A prolific writer, editor, publisher and Korean War veteran, known for his playful wit and dapper charm, died on Monday, January 26, in his Manhattan apartment. He was 80 and had lived in East Hampton year-round for the last 20 years.
His daughter, Susan Konig, of Croton-on-Hudson, New York, said that he died suddenly while at work in his living room, either of a massive heart attack or a stroke. He had been completely healthy up until the moment he died, she said.
Over the course of his 50-year career as a writer and a journalist, Mr. Brady created the Page Six gossip column in the New York Post and he wrote a weekly celebrity column for Parade magazine that was read by millions. He was publisher of Women’s Wear Daily in the 1960s. There he learned about the fashion industry from his friend, Coco Chanel.
He was editor and publisher of Harper’s Bazaar in the 1970s. Later he wrote a column for New York Magazine until Rupert Murdoch hired him to serve as editor of The Star tabloid. He later become associate publisher of the New York Post.
Of Mr. Brady’s 18 books, East End readers might have been most captivated by his quartet of comic novels set in the Hamptons. They followed the exploits of Beecher Stowe, a wealthy foreign correspondent who moves back to East Hampton and gets entangled in mystery and intrigue among the Hollywood glitterati, old money families and local fishermen. “Further Lane” was the first, followed by “Gin Lane,” “The House That Ate the Hamptons,” and “A Hamptons Christmas.”
“East Hampton was the place that made him the happiest,” Ms. Konig said this week. “That’s why he spent so much time there and wrote about it.”
The mix of different social worlds he found in East Hampton—from fishermen to movie stars—fascinated Mr. Brady. “There was nothing he loved more than a great story and that’s what the Hamptons are full of” because of that mix, said Susan Mulcahy, a former Page Six editor and friend.
The Marines were a topic that Mr. Brady wrote about even more than the Hamptons. Right after college, during the Korean war, he joined the Marine Corps and spent a year commanding a rifle platoon in Korea. He was awarded a Bronze Star for valor.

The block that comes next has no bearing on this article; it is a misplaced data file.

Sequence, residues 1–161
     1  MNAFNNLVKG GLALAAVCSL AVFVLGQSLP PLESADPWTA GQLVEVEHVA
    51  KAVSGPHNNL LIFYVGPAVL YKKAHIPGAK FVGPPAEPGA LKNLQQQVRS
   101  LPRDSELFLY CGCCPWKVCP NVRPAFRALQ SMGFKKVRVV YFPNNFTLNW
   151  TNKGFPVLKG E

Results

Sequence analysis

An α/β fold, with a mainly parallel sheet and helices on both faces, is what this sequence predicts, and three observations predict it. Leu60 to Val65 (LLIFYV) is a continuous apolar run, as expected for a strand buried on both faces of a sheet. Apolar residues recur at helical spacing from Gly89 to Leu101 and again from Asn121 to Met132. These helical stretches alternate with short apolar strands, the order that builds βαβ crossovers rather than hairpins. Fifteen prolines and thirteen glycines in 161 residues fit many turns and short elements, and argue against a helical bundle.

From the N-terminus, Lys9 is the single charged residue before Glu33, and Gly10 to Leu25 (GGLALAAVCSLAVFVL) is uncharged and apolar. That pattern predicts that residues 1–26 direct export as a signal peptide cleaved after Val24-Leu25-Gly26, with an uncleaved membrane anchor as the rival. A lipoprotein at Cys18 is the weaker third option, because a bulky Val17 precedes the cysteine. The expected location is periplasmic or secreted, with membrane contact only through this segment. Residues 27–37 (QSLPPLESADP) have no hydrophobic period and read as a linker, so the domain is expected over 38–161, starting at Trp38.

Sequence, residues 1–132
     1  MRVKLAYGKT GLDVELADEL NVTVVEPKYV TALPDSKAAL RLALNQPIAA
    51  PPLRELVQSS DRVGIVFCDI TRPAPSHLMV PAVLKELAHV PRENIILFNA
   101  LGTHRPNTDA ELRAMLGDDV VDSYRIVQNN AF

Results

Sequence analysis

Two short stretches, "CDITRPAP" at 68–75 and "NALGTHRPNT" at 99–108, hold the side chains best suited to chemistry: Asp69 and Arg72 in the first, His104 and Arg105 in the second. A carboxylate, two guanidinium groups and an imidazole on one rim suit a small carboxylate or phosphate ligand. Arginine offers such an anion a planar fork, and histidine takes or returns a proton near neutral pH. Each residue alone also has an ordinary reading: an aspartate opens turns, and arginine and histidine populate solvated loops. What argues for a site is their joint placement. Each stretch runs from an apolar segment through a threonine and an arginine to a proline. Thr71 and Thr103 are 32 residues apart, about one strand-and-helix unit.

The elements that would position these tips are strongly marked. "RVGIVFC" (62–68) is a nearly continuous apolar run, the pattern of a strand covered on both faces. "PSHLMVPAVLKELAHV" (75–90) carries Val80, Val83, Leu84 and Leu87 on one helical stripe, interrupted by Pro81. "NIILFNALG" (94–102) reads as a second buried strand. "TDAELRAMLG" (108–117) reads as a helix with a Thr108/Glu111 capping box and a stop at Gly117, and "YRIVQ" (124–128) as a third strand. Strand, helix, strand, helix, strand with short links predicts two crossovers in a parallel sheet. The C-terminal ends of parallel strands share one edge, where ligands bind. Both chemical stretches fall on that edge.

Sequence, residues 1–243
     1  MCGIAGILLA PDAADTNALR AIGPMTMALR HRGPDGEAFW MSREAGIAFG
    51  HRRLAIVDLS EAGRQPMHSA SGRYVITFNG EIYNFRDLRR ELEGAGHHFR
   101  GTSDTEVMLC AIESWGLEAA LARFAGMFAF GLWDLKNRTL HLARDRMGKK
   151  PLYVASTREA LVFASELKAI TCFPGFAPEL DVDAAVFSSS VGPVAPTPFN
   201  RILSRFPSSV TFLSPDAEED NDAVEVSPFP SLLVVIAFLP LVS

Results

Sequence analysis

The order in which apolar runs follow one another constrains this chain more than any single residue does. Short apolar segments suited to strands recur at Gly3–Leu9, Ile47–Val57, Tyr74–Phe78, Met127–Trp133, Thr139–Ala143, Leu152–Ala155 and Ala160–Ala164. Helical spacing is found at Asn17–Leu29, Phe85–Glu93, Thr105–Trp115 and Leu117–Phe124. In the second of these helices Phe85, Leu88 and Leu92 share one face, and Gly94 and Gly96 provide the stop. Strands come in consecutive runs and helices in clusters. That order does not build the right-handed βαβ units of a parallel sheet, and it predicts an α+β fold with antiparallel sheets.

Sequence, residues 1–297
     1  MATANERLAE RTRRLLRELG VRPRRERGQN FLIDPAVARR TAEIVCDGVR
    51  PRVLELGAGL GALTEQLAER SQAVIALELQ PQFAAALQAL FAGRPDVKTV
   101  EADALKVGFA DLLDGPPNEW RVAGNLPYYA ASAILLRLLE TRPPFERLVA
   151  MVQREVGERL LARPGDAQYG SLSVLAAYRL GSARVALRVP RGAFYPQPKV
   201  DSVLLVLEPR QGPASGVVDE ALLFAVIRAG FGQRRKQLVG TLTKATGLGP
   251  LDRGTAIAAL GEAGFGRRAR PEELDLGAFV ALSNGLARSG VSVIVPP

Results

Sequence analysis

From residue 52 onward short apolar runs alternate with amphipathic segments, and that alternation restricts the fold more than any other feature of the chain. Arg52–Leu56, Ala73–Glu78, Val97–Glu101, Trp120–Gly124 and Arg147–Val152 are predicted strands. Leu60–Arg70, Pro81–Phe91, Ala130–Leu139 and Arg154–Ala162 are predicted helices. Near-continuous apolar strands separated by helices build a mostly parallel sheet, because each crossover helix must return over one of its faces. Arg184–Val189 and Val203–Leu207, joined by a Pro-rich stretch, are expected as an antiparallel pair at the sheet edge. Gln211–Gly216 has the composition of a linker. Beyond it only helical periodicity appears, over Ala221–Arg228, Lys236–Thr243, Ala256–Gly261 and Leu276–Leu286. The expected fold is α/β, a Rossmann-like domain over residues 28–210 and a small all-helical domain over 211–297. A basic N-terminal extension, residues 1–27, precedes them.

His memories of the experience and love of the Marines were fodder for many best-selling books, including “The Coldest War: a Memoir of Korea,” which was nominated for a Pulitzer Prize, as well as “The Scariest Place in the World,” and “Why Marines Fight.” He finished final edits on his last book about the Marines the day before he died. Titled “Hero of the Pacific: The Life of Legendary Marine John Basilone,” it will be published in October 2009.
“He’d rather be known as a Marine than a writer, I think,” said Lee Beiler, a former owner of the Blue Parrot restaurant in East Hampton and friend. Mr. Brady was a fixture at the Blue Parrot and wrote a eulogy for it in his Forbes column when it closed in November 2006.
“He loved to sit at the bar and have a Pacifico. He loved to talk to the old fishermen that came in or Ron Perelman sitting next to him. That’s was who he was,” Mr. Beiler said.
An avid walker, Mr. Brady often could be seen trekking along Further Lane, on Main Beach, to the Jitney stop twice a week or on his way to Scoop du Jour on Newtown Lane, where he liked to catch up on gossip.
Richard Johnson, the editor of the New York Post’s Page Six, said, “He was a hero to me. He knew everybody and went to the greatest places. He’d go out to lunch and three hours later he came back and banged out half of Page Six. He was a pro.”
Many East Hampton residents will miss Mr. Brady, including Valerie Heller, widow of novelist Joseph Heller, who said he had “a brilliant sense of humor”; author Bob Drury, who worked with Mr. Brady at the New York Post, who said he was “a gentleman and a mentor”; and Roland Eisenberg, a partner in the Blue Parrot, who said he was “one of the nicest, sweetest gentlemen I’ve ever known.”
Mr. Brady is survived by his wife, Florence, of Manhattan; two daughters, Fiona Brady of Riverdale and Susan Konig of Croton-on-Hudson; four grandchildren, Sarah, Joseph, Nicholas and Matthew, and one brother, Monsignor Tom Brady of Brooklyn.
He loved having his grandchildren visit him at his home on Further Lane. In a profile in The Press in 2008, he showed off a framed note from his granddaughter, Sarah, that hung in his bedroom. It listed the “Top Ten Reasons” she loved her PopPop, including the fact that he “cooks some mean spaghetti” and has “gone so many places and met so many people and nothing can stop you from seeing more.”
Mr, Brady was born and raised in Brooklyn. He worked his way through Manhattan College as a copy boy at the New York Times, after which he joined the Marines. His first full-time journalism job was as a business reporter for Women’s Wear Daily.
A funeral mass was held Saturday, January 31, at the Church of St. Ignatius Loyola in Manhattan.